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Experiment, The Physics Roof

by Sarah Crossland

for T.G.

In this version of the story the boy does not
learn to fly: a rapid cut of arms
through air—sarcoline stained
glass wings, the breath in his rib cage
caged as any wild animal. It is not my place to say
whether his eyes were closed or open, whether
what he thought of in those moments licked
by gravity was his father asleep
in an upholstered chair—Tony Soprano,
his drive past any number of suspension bridges
into the city, on the television—his mother
herding herself with worry
for this batch of begonias unsettled
in their lack of light. How many times—
lying down on the cool tar of the roof—
I felt the wavering bur-reed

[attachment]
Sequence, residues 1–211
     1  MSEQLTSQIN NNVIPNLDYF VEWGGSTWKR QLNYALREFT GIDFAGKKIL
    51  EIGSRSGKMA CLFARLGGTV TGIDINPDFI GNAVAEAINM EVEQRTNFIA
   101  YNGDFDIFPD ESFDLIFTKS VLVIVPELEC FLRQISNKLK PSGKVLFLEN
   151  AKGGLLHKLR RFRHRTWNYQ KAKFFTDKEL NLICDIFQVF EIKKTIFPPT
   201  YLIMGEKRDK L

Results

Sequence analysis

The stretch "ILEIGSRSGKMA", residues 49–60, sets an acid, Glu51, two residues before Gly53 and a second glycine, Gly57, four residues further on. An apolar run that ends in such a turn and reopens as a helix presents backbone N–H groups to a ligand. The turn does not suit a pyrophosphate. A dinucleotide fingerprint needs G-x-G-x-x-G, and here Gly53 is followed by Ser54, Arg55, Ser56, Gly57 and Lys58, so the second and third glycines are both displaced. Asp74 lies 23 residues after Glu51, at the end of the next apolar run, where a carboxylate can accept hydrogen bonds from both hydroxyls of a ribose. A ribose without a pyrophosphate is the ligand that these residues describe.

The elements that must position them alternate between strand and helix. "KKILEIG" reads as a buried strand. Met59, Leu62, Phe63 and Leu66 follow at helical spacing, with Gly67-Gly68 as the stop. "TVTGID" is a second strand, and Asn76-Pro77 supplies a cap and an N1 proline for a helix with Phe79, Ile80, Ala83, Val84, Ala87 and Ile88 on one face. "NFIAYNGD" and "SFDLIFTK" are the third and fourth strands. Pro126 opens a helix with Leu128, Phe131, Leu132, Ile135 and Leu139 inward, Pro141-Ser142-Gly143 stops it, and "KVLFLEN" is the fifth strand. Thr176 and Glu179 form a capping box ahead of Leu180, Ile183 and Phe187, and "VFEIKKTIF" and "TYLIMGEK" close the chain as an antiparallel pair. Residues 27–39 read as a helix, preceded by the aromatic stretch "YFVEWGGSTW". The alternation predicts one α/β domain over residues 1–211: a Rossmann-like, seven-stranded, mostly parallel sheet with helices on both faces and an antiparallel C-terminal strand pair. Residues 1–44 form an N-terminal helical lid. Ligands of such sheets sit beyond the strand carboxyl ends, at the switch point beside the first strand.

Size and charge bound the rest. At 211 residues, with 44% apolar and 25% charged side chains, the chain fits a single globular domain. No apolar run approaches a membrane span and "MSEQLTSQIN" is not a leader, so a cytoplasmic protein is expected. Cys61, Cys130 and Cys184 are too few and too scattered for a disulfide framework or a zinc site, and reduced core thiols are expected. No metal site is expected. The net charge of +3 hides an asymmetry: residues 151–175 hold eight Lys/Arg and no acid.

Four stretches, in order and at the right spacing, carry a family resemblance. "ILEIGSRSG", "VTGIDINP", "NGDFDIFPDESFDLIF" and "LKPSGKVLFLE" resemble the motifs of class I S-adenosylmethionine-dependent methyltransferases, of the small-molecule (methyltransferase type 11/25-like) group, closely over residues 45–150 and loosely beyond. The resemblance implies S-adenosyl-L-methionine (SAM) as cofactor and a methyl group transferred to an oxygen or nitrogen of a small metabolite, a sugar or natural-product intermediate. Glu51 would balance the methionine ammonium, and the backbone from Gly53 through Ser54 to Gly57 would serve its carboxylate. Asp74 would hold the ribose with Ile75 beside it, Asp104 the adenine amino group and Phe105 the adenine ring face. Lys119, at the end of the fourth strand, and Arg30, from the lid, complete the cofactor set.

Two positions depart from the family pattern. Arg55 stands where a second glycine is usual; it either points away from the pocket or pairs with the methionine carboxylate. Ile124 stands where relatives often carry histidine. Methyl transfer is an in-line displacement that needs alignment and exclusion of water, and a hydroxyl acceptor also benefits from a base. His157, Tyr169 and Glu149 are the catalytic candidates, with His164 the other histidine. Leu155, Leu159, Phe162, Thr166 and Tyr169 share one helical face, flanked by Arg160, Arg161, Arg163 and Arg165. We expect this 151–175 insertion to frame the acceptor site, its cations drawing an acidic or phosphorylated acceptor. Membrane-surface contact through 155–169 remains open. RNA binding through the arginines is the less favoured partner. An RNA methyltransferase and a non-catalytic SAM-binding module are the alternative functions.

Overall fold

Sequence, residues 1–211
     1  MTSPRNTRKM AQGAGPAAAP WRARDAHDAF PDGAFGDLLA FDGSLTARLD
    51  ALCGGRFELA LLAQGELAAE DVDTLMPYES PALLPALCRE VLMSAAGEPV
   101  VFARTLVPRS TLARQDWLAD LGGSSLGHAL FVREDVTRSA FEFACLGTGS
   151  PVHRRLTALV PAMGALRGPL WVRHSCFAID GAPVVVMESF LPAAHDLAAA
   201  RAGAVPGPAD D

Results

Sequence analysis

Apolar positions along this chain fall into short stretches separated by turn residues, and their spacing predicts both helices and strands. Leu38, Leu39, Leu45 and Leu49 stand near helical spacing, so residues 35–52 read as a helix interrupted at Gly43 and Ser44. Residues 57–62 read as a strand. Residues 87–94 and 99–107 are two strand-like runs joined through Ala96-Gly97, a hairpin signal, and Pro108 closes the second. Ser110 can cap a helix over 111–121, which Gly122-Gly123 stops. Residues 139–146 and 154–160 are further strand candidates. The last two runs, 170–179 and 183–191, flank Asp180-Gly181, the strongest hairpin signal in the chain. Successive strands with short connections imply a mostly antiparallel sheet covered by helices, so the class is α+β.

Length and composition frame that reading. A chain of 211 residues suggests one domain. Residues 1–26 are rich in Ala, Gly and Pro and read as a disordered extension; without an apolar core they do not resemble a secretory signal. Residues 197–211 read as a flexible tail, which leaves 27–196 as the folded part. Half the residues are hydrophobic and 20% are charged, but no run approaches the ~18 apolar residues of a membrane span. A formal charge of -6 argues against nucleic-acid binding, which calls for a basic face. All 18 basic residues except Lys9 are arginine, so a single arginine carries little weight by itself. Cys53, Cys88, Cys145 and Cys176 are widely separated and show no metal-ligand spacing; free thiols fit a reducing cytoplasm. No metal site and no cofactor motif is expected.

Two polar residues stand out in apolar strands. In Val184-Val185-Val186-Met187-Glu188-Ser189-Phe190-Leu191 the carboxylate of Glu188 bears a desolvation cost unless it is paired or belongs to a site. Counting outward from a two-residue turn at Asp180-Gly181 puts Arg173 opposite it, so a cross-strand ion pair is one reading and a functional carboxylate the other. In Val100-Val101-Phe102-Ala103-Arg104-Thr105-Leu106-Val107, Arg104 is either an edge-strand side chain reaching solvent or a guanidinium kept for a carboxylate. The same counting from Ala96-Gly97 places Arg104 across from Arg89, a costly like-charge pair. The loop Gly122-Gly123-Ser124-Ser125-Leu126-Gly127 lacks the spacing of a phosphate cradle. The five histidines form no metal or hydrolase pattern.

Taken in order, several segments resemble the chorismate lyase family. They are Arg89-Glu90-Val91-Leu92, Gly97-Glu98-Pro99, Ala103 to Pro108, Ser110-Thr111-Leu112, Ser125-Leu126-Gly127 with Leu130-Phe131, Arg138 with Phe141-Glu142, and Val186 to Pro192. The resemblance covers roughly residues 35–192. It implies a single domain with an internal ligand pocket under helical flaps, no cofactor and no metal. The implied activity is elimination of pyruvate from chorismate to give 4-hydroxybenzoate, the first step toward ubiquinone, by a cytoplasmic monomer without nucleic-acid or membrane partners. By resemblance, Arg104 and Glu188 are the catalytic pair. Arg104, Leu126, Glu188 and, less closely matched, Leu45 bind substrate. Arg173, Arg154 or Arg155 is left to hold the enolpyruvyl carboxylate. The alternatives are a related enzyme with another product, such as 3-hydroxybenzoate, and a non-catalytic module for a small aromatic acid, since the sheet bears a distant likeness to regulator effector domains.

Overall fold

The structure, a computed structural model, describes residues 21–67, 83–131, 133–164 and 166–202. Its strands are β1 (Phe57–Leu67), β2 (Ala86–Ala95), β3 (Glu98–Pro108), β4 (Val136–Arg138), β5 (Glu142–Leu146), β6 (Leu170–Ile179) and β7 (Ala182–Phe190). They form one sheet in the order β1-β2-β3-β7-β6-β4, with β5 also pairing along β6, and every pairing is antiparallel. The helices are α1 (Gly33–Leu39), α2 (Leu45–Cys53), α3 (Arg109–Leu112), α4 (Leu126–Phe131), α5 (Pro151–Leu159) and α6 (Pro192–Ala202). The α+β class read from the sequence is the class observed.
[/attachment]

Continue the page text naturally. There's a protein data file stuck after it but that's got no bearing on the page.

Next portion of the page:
of a boy’s finger going to unhook my bra,
before I stopped it. Amo le mie proprie
cellule.
How many times my feet
bound in strap-upper sandals, the metal banister
freckled with this morning’s rain, the shingles
each a slanted prism-lake, I cupped my hand
to a friend’s shoulder in order to stand upright.
Before the mid-fourteenth century,
to slip meant to escape. As if in the loss
of our footing, the earth would open up
into elsewhere—grass, rather than a hard plane:
a sea the color of milk or vernix.
The pattern in which your body lands: tessellated
as houndstooth. This and unforgiving, forever.

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